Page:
Serrari Group

In a significant move aimed at revitalizing investor confidence in its second-largest equity market, China has taken the decision to lower the stamp duty on stock trades for the first time since 2008. The announcement, made by the government in an official statement on Sunday, reveals that the reduction will take effect from August 28.

Market observers have been abuzz with speculation ever since Beijing issued an uncommon pledge the previous month, signaling its intentions to “invigorate capital markets and boost investor confidence.” This bold step is anticipated to potentially trigger a swift rally in China’s substantial $9.6 trillion equity market, which remains acutely sensitive to shifts in policies that impact market liquidity.

The decision to halve the levy imposed on stock trades is poised to deliver advantageous outcomes not only for Chinese brokerages but also for quantitative hedge funds that rely on high-speed trading strategies. As concerns mount within the economy, ranging from a downturn in the property sector to trust defaults and sluggish consumption metrics, authorities have been on a mission to regain favor with investors who had turned away from the nation’s assets.

Data compiled by Bloomberg reveals an unprecedented trend: foreign investors have been net sellers of mainland China stocks for a record 13 consecutive sessions up to Wednesday. This trend underlines the urgency of restoring investor trust in the market.

Throughout 2023, the CSI 300 Index has witnessed a decline of roughly 4%, building upon annual losses from previous years. This underperformance becomes more evident when compared to a broader measure of Asian equities, lagging behind by approximately six percentage points.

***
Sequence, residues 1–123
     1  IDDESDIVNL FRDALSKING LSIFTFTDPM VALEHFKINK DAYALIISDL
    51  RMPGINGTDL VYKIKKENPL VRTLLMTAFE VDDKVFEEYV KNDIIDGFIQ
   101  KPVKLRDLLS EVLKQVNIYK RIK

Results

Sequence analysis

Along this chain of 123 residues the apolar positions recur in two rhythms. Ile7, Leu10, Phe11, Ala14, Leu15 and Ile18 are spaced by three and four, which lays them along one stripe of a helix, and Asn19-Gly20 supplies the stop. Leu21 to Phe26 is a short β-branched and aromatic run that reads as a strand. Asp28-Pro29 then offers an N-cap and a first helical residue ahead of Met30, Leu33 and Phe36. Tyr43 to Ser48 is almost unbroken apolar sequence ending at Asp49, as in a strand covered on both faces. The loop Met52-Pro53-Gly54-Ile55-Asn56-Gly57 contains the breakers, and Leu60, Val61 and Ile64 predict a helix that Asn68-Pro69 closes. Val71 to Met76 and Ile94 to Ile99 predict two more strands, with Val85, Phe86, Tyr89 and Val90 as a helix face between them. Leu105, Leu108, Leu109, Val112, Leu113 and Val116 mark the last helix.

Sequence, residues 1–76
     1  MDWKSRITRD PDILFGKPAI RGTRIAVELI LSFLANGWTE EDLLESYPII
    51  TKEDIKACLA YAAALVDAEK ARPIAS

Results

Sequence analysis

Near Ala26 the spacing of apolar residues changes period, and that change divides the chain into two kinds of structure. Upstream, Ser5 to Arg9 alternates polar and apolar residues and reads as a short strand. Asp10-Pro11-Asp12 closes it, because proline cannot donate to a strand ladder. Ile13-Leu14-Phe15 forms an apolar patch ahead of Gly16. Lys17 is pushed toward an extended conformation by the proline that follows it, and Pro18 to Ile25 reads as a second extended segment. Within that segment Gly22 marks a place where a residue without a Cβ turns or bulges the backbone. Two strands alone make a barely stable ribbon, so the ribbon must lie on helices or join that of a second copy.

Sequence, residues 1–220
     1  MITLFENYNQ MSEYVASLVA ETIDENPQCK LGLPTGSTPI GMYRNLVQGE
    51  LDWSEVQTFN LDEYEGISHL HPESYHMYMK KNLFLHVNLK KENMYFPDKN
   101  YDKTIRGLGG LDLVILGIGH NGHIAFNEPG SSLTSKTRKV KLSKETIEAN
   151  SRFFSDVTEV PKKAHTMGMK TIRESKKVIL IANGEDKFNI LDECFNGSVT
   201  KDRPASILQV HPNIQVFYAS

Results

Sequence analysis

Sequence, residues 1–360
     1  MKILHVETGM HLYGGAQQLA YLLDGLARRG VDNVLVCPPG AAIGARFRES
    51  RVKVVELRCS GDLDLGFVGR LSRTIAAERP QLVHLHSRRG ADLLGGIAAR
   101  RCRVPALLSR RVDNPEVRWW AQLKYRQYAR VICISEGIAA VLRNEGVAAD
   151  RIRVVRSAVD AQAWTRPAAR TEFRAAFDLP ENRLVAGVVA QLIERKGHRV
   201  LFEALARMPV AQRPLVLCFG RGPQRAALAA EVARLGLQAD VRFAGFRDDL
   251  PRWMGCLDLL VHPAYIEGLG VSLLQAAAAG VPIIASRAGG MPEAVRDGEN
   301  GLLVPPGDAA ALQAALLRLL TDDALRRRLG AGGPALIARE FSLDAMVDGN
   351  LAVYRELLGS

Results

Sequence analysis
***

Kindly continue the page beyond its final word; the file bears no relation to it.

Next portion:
Acknowledging the critical situation, authorities have called upon the country’s premier financial institutions, including pension funds and major banks, to ramp up their stock investments in a bid to provide crucial support to the market. Simultaneously, efforts have been directed at encouraging mutual fund managers to elevate purchases of their own equity funds, trimming handling fees for stock transactions, and promoting increased share buybacks by companies.

China has a history of adjusting the stamp duty on stock trading, employing this lever several times in the past to influence market behavior. Notably, in May 2007, the rate was elevated to 0.3% to cool down a market rally that was attracting more than 300,000 new investors daily. In April 2008, following a market plunge, the government swiftly reduced the levy to 0.1%, a decision that sparked a remarkable bull run the subsequent year.

Photo Source: Google

August 26th , 2023

Delino Gayweh

Serrari Financial Analyst

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